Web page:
At the moment, my choir is busy rehearsing for our village music festival. It’s our very own mini-Glastonbury with an extended weekend packed with live music, craft stalls and amazing food and drink. It’s definitely one of the highlights of our performance calendar. A couple of weeks ago, I was panicking that I didn’t have enough time to get the choir performance ready. However, after a brilliant rehearsal session last week I’m now thinking three more rehearsals before the performance seems a bit too much. I don’t want to risk them getting bored with the repertoire before we perform it. Being in this position, with a little too much rehearsal time on your hands, doesn’t have to be a problem though. Here’s how to take advantage of it.
1. Get technical
As we perfect our festival set, I’m spending a lot of time working on dynamics and techniques that will help my singers to create the best sound they can. With some extra time, I can extend the part of the rehearsal where I concentrate on technique. As with my usual warm-ups and exercises I will keep these fun and engaging. One thing the contemporary repertoire often requires is good clear diction, so I might try a number of exercises that improve my choir’s understanding of creating good clear mouth shapes with the placement at the front of the mouth. Tongue twisters are a great option, as well as singing short, easy pieces, trying firstly with a neutral facial expression and little mouth movement then, in contrast, showing what a difference exaggerated mouth shapes and a smile can bring to a piece.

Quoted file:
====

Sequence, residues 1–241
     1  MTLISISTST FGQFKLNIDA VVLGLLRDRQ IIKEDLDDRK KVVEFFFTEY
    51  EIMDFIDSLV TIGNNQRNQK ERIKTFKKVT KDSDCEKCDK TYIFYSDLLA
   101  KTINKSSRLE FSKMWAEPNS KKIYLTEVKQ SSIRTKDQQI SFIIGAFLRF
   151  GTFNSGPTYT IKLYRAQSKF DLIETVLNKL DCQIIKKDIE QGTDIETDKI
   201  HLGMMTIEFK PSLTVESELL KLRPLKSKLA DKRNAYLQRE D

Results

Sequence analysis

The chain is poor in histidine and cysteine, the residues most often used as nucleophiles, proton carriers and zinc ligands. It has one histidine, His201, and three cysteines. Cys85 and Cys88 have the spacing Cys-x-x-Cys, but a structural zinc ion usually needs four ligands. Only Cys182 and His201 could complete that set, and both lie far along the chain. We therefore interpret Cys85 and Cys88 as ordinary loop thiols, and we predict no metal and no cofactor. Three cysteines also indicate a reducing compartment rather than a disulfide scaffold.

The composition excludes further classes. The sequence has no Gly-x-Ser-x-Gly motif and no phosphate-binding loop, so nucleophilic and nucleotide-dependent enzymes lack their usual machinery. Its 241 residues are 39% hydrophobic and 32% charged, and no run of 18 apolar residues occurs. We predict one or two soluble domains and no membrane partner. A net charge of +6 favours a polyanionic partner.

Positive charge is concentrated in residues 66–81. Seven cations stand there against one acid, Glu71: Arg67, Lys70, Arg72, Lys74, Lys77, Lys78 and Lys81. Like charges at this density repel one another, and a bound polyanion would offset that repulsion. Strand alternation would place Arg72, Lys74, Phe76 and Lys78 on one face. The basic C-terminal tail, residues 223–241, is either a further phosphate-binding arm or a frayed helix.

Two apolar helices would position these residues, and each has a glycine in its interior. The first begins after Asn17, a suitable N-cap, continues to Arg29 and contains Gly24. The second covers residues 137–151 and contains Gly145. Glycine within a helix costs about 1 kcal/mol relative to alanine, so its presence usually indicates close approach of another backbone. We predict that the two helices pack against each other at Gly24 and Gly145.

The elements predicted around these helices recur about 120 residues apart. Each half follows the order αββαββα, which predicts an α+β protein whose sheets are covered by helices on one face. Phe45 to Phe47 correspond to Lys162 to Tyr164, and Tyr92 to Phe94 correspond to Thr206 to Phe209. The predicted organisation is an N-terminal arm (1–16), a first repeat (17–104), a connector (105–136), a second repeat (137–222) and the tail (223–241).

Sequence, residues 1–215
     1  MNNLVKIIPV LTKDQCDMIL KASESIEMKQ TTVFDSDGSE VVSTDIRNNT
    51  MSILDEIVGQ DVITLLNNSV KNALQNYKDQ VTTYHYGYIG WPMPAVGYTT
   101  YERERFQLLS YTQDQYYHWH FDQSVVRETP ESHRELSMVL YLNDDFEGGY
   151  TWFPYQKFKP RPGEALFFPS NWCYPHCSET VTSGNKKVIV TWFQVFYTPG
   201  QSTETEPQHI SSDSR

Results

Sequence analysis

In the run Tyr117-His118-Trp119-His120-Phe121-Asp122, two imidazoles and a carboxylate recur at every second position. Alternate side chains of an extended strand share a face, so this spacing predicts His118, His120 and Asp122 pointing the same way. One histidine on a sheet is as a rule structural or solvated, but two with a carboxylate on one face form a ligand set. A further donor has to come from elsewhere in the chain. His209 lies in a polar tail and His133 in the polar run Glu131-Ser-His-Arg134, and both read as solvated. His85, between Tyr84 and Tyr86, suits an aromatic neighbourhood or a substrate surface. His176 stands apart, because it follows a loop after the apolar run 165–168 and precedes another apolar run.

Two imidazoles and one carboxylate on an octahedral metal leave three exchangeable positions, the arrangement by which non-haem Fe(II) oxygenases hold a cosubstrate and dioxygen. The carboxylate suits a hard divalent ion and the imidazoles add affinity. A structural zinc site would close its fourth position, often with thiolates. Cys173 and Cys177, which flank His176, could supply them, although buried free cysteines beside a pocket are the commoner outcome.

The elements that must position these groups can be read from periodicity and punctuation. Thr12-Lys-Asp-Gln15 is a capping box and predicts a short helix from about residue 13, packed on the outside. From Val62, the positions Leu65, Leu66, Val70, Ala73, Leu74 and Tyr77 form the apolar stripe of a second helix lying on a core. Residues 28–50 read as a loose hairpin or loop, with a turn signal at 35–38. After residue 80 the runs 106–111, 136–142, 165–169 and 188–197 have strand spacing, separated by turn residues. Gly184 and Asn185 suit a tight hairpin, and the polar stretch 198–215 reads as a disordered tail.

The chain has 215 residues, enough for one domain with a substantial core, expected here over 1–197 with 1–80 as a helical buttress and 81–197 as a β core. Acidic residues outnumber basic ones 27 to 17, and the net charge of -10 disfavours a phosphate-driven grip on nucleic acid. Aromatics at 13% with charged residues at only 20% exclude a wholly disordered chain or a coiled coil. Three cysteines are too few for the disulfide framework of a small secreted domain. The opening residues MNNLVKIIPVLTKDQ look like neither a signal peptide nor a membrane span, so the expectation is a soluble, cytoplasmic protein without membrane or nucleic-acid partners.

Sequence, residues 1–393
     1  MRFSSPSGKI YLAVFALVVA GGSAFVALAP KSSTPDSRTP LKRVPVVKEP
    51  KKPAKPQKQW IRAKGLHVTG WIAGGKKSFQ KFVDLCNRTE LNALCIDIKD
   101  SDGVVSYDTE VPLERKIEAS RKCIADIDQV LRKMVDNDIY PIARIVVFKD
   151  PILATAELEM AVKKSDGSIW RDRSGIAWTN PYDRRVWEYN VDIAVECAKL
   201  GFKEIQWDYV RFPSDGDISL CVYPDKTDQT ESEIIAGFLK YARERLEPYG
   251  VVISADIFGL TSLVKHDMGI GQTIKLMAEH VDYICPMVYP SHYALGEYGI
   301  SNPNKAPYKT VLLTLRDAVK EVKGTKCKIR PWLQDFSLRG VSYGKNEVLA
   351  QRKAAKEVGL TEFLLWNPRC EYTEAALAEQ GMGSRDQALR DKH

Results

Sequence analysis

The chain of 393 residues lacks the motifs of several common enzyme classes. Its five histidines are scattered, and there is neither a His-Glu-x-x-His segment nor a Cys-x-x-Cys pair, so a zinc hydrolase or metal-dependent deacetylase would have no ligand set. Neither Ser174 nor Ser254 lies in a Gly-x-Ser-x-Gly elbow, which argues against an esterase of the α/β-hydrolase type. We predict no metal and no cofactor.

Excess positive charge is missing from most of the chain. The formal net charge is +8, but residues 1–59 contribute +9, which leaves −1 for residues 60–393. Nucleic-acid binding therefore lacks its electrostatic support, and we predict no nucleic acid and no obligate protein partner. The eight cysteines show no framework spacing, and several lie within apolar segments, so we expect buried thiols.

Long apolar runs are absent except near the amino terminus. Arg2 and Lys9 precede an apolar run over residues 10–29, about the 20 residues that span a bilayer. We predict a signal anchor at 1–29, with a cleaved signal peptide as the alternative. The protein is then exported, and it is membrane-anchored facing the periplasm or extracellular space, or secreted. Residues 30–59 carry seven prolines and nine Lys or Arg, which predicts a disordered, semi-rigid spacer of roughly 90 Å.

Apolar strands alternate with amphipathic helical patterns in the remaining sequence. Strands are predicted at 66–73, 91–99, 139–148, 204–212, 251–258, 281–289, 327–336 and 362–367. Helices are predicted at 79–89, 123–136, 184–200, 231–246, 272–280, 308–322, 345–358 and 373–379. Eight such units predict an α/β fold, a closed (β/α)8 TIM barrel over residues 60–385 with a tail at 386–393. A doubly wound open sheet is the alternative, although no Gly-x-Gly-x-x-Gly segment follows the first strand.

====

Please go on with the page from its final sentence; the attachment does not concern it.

2. Blast from the past
With time to spare, and as a distraction from the serious business of concentrating on upcoming performance, I might throw in a couple of old favourites for the choir to sing. I will choose pieces that I know they can sing confidently. When singing through these kind of pieces it’s best not to get stuck into working through the ‘ins and outs’ of all the parts. You’re just looking for a quick-and-easy uplifting sing. Throwing in old repertoire every now and then is a great way to keep things up to date. and in your singer’s minds. so that you have a wider variety of music to pick from for performances, especially the kind that can come up at short notice.
3. Build the team
The more your singers work as a team, the better the performance, so I will definitely throw in some extra team-building exercises. Rounds are great for this and there are endless options. Mixing singers up so that they interact with different people is a great way to get everyone communicating. I may also do a variation on my favourite ‘rhythm game’ where I split the choir into four or five groups, and encourage them to create an improvised song. Again, I might move everyone around for this so they are not next with the same singers each time. Finally, there’s nothing like some movement to get everyone giggling and working together. Clapping games or a song with actions help to create a great atmosphere.
4. Performance skills
We often approach a performance with too little rehearsal time, not too much. With a bit of time on our side, I will really get my choir thinking about their presence on stage. Creating a mock performance situation, I will run through some key points then sing through the repertoire with these in mind. Areas I will look at include facial expression, posture, eye contact, what to do when you forget some lyrics, accepting applause and stage etiquette (mainly keeping quiet in between songs – better to get this sorted in rehearsal than with a ‘ssh’ on stage)! This way, I can be confident that my choir will feel more prepared for going on stage, which will in turn create a great vibe in the performance.